The most recent existing-home sales report indicated that housing may have turned a corner, but structural issues persist.
Covering the housing market nowadays is a strange experience. On one hand, you have the clear monthly reports from NAR, CoreLogic and other institutions that clearly show that the housing market has made substantial progress in the last couple of years.
Yet, on the other hand, you have the longer term issues, the structural inconsistencies that continue to hold housing back from a true recovery – and the most recent existing-home sales report from NAR was perhaps the most glaring case of those issues.
A Tale of Two Housing Markets
First of all, we should be clear that there were many good things in NAR’s existing-home sales report. Sales were up month-to-month, distressed sales are still down and inventory rocketed way up.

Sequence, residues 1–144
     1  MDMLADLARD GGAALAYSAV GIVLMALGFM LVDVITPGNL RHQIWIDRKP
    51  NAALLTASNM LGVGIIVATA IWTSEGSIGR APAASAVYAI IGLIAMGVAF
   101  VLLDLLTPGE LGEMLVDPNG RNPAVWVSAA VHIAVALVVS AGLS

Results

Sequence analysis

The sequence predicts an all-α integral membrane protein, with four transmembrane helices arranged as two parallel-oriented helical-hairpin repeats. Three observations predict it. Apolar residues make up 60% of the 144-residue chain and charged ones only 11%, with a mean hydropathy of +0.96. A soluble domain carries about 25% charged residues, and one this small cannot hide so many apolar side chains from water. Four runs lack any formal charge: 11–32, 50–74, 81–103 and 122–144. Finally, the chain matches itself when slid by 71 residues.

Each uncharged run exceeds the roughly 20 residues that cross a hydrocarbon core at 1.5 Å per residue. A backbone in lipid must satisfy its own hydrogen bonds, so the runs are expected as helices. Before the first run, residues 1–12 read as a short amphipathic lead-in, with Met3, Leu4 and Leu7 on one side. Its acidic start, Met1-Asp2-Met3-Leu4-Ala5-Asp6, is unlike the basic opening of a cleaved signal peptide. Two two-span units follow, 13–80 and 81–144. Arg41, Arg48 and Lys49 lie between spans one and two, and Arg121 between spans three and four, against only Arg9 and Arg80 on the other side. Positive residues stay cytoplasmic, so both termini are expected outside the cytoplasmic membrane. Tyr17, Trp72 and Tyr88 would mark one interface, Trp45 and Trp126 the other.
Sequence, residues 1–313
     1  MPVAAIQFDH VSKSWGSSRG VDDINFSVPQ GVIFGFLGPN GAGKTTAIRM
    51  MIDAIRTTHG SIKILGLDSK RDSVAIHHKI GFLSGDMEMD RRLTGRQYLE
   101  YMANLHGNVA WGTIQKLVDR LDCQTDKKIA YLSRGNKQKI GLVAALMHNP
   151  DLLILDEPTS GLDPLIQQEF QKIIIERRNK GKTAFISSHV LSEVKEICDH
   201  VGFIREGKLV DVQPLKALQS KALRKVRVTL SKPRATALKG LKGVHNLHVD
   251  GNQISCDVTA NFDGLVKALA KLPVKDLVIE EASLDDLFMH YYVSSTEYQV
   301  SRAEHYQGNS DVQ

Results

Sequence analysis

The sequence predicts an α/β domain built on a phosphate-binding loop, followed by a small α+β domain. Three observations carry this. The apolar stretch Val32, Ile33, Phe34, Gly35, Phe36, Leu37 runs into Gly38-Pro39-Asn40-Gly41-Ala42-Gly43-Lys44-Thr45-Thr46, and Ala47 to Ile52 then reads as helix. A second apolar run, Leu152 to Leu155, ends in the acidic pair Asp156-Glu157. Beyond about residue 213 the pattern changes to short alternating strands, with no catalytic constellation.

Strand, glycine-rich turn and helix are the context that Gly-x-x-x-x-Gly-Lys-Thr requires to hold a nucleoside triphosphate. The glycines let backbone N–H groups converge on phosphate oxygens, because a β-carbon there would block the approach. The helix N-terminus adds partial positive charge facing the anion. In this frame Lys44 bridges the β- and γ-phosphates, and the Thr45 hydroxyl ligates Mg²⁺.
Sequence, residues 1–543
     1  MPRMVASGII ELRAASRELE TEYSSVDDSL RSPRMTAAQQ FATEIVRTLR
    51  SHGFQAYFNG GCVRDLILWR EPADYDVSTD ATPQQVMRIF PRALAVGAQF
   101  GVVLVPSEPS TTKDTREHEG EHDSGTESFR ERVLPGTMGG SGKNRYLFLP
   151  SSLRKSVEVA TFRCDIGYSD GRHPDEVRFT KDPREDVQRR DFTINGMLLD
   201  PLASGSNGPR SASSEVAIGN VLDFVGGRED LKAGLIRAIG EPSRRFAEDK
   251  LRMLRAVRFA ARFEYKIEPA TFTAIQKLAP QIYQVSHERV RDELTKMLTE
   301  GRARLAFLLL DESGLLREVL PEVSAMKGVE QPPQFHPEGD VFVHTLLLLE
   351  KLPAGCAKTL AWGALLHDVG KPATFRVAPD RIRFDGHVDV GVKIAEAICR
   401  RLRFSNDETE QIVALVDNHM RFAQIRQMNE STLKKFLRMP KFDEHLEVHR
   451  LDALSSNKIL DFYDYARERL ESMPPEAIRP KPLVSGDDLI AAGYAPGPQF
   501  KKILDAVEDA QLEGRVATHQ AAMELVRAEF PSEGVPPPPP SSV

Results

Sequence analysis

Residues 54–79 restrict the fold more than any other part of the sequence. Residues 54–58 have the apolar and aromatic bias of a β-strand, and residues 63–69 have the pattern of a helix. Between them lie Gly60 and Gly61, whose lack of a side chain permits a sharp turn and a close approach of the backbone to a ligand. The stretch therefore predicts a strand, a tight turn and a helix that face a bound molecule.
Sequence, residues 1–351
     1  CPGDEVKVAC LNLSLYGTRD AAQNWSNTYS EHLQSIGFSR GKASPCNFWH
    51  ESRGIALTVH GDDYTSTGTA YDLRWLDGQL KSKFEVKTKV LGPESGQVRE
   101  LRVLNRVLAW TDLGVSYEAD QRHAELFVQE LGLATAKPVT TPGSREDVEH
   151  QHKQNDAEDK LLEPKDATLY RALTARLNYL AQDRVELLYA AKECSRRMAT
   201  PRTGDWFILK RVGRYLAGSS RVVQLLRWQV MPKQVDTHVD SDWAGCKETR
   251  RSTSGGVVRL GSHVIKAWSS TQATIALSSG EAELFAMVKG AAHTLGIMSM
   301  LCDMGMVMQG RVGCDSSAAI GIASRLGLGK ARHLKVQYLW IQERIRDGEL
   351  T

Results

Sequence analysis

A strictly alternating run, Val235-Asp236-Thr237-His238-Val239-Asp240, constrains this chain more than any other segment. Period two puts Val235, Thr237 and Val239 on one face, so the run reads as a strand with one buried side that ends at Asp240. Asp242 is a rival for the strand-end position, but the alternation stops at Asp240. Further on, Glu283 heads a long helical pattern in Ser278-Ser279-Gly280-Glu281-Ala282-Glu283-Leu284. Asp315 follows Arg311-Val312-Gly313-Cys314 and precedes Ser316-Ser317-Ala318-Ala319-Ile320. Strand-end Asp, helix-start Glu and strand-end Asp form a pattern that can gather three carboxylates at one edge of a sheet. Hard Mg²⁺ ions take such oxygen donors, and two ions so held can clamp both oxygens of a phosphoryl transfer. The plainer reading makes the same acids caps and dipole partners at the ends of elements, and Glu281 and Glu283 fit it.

The problem comes up when you look at the composition of those sales, and how they performed at various price points. First, consider this graph, courtesy of data from HousingWire:
See what’s happening? Though home sales in the upper price brackets saw steady year-over-year increases, the lower price brackets saw sales fall by a marked amount, while the mid-range price levels saw negligible growth.
Why is that a problem? As this second chart shows, those lower-priced brackets make up a disproportionate share of the existing-home sales market:
So in other words, as we reported last fall, the majority of the existing-home sales market is seeing declines, while the relatively small upper price brackets are doing just fine.